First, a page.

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Home Industry News Study: Aspirin fails to prevent heart attacks

Study: Aspirin fails to prevent heart attacks

17th October 2008

Taking aspirin does not prevent heart attacks in people with diabetes, new research shows.

In the report published in BMJ Online, the authors call for the prescribing practice of doctors and international guidelines to be reviewed so that aspirin is only prescribed to patients with established heart and stroke disease.

Patients with diabetes are two to five times more likely to suffer from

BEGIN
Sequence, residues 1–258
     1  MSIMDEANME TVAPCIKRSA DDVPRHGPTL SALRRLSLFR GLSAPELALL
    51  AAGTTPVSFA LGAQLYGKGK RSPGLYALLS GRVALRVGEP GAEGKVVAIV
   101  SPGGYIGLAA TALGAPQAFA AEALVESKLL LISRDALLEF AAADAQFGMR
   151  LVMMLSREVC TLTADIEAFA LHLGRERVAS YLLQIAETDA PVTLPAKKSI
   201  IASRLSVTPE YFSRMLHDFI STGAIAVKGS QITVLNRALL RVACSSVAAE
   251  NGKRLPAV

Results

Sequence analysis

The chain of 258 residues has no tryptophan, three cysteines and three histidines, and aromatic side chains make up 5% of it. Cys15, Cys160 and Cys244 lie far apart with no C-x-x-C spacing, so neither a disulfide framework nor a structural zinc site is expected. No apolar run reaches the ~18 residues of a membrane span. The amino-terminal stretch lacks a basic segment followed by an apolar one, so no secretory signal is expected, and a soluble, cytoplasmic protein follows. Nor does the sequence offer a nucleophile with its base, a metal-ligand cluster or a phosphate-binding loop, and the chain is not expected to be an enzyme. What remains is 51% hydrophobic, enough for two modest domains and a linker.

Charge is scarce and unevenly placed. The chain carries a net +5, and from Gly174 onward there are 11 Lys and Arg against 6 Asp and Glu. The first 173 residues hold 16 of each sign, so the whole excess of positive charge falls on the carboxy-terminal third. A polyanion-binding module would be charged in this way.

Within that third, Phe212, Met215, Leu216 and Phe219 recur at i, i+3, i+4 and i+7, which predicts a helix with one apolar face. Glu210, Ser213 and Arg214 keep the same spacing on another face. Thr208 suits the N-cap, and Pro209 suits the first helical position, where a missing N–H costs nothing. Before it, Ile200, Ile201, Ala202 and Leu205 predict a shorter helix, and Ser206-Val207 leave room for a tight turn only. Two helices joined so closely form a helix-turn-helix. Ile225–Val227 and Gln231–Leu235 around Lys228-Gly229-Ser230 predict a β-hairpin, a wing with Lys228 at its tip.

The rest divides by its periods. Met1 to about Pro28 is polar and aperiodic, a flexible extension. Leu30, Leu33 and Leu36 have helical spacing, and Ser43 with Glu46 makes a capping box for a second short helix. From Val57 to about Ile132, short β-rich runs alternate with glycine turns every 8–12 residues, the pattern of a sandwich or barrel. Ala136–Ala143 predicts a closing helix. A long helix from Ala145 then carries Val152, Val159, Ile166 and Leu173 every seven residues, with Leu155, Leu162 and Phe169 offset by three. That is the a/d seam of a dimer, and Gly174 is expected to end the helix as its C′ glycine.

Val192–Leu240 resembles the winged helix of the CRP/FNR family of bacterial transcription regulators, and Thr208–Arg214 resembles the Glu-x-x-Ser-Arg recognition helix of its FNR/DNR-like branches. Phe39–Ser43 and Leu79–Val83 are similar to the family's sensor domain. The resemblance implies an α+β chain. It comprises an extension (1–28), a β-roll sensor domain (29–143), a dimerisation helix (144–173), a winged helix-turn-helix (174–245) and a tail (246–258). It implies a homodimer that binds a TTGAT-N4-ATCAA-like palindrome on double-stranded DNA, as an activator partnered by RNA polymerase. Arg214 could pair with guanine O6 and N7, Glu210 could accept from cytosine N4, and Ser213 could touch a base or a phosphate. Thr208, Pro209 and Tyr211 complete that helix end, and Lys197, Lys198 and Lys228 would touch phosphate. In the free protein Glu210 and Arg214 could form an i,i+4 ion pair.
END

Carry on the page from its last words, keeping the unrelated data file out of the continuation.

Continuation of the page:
heart disease, a major cause of death in patients with type 1 and 2 diabetes.

Despite the fact that there is considerable evidence showing no benefit of taking aspirin for high risk patients, it is commonly prescribed for the prevention of heart disease in patients suffering with peripheral arterial disease and diabetes.

The researchers found there was no actual benefit from either aspirin or antioxidant treatment in the prevention of heart attacks or death.

The authors also point to the side-effects of aspirin, with the Commission on Human Medicines placing it in the top ten causes of adverse drug events. It can also causes gastrointestinal bleeding and the risk of bleeding increases with age and prolonged use.

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